For the reasons articulated above, considerations of judicial efficiency favor leaving the proceeding before the Bankruptcy Court, while the Court’s determination that this proceeding is “non-core” favors withdrawal. It is thus necessary to address the remaining Orion factors.

RFC’s initial Complaint included only 28 U.S.C. § 1332 as a basis for this Court’s exercise of subject matter jurisdiction, making no mention of federal question jurisdiction under 28 U.S.C. § 1334. (Complaint ¶ 14.) Only after SunTrust filed a motion to dismiss did RFC amend its complaint to include Section 1334 as a basis for subject matter jurisdiction, thus availing itself of this District’s Standing Order. (Am. Compl. ¶ 15.) This “jurisdictional about-face” is suggestive of forum shopping, and weighs in favor of withdrawal, In re Residential Capital, LLC, 519 B.R. at 606, although the Court notes RFC’s explanation, offered at oral argument, that this “about-face” resulted from a change in counsel and not from a more insidious strategy.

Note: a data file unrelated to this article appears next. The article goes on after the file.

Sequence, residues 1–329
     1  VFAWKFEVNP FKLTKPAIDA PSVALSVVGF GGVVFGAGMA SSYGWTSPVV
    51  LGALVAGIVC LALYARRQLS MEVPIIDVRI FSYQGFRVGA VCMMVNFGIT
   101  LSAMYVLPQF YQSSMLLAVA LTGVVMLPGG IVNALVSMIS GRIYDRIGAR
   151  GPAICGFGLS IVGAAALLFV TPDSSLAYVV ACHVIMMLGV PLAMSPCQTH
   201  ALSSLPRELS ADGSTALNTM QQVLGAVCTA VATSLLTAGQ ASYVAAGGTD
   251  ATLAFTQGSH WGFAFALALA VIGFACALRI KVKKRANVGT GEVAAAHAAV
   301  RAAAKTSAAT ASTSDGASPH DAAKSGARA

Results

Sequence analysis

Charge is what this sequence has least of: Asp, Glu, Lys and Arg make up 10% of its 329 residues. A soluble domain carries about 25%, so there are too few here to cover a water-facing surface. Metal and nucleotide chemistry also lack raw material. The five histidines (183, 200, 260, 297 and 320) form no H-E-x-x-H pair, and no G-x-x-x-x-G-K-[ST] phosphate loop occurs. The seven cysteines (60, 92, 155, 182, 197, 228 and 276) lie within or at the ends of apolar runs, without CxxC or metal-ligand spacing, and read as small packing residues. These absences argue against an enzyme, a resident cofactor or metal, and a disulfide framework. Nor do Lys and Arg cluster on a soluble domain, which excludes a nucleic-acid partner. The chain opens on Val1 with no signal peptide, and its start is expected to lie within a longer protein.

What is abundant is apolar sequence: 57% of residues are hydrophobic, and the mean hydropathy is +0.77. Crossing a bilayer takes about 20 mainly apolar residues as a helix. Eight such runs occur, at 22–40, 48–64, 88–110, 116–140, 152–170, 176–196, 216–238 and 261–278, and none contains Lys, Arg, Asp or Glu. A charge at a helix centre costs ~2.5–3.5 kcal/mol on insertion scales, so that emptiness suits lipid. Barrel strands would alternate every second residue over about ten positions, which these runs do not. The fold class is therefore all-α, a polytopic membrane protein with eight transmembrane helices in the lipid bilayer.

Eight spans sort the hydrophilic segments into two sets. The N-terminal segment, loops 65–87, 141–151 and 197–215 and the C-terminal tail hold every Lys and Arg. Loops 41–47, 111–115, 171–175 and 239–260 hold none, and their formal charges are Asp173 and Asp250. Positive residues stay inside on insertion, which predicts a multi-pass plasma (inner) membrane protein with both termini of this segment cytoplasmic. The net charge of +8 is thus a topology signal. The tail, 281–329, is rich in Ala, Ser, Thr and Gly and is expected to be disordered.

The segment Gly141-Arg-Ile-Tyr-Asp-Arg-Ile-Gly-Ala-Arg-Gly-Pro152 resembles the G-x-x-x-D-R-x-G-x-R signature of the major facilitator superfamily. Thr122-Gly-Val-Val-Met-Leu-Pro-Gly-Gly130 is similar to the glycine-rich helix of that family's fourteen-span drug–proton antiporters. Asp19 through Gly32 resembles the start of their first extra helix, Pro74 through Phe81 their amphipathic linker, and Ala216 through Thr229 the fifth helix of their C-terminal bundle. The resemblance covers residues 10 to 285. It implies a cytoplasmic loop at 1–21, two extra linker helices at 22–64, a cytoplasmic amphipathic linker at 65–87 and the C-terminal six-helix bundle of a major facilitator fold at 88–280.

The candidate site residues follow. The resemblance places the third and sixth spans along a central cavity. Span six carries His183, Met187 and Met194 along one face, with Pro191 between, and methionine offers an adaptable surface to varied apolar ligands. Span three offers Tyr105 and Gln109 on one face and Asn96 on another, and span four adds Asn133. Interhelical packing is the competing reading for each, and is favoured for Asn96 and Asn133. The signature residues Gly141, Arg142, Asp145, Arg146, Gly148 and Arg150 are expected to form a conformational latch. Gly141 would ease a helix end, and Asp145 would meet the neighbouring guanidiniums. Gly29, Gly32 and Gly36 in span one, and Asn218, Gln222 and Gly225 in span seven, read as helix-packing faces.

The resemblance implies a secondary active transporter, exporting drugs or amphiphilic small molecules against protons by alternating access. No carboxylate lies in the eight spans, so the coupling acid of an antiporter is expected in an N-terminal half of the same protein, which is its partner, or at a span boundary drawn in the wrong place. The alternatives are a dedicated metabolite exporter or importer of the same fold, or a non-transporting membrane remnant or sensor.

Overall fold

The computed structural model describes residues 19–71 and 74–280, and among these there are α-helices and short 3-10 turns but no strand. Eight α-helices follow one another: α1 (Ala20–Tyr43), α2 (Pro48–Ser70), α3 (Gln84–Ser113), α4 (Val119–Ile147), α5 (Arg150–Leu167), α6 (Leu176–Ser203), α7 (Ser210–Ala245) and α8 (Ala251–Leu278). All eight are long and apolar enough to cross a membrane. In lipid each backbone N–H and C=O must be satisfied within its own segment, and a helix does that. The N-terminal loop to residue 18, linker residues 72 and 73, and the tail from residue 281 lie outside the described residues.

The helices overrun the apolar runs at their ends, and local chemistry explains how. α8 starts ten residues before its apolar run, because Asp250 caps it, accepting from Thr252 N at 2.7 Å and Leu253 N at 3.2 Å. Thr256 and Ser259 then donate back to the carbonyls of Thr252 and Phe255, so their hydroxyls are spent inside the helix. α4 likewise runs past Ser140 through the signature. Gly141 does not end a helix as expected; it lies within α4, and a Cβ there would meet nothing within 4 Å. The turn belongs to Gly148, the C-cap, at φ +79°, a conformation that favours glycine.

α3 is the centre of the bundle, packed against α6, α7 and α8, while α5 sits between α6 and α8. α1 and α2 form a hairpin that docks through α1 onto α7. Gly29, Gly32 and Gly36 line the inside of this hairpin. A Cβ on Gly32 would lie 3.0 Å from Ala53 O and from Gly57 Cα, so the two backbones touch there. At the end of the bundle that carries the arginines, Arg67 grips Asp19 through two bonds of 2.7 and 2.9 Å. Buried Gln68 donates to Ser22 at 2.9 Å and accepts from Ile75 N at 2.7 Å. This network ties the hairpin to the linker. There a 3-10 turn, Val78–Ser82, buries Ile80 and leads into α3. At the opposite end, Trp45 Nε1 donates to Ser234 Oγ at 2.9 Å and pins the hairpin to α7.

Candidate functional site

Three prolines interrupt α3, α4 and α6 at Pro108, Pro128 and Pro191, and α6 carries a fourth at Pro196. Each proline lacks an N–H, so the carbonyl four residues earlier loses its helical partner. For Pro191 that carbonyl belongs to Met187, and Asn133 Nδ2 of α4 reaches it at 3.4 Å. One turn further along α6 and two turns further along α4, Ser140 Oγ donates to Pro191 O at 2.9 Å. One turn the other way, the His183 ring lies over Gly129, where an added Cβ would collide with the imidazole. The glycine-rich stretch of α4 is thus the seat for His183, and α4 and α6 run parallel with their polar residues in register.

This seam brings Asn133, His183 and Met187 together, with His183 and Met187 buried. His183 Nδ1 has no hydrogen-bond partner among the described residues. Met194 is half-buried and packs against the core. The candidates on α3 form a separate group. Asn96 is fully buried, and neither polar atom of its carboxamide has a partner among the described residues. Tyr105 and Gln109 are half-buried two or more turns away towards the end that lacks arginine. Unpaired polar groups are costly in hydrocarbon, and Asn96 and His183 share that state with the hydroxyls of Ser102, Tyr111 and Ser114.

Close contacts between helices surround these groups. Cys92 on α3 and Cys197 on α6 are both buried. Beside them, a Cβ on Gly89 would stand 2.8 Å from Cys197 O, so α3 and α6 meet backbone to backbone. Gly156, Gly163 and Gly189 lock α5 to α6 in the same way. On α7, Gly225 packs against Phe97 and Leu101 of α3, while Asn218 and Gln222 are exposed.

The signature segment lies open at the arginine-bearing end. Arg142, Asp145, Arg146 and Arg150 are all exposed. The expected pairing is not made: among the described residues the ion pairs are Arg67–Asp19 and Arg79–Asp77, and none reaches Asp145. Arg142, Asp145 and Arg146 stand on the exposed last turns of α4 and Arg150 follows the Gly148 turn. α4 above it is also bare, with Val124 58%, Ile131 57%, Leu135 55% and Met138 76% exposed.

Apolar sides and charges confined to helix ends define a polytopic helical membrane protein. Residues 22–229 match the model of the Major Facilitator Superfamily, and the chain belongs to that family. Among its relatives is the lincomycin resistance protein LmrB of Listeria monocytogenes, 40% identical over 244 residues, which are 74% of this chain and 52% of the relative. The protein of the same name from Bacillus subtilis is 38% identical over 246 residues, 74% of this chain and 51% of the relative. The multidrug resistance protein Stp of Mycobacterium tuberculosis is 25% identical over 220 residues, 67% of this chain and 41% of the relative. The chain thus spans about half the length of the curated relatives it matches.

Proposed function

Orion’s uniformity factor is more neutral, but weighs against withdrawal: It is true that “[c]ourts routinely have found no [uniformity] benefit where claims are based on state law.” Dynegy Danskammer, L.L.C. v. Peabody COALTRADE Int’l Ltd., 905 F. Supp. 2d 526, 533 (S.D.N.Y. 2012) . And here, RFC’s claims are garden-variety state law contract claims. Nevertheless, at least three other—and potentially a total of six—proceedings by RFC against other mortgage originators will be adjudicated in the Bankruptcy Court, all of which share similar issues of fact and law and will augment the assets available for distribution to creditors.

Moreover, although dozens of similar actions by RFC were filed in or transferred to the District of Minnesota and will be overseen there by district, not bankruptcy, judges—arguably resulting in some degree of dis-uniformity—in those actions, the parties expressly selected Minnesota as the forum for any litigation. (See, e.g., Mem. & Order, Rescap Liquidating Trust v. CMG Mortg., Inc. (In re Residential Capital, LLC), No. 14 Civ. 4950, Dkt. 21.) By contrast, all of the RFC actions without forum selection clauses are part of the Joint Adversarial Proceeding administered by Judge Glenn in the Bankruptcy Court. Maintaining the present action in the Bankruptcy Court would thus further the aim of uniformity, even if only incrementally.